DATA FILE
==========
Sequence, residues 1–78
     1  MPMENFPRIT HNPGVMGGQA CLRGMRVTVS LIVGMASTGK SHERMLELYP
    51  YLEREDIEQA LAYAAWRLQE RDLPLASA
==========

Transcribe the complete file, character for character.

Sequence, residues 1–78
     1  MPMENFPRIT HNPGVMGGQA CLRGMRVTVS LIVGMASTGK SHERMLELYP
    51  YLEREDIEQA LAYAAWRLQE RDLPLASA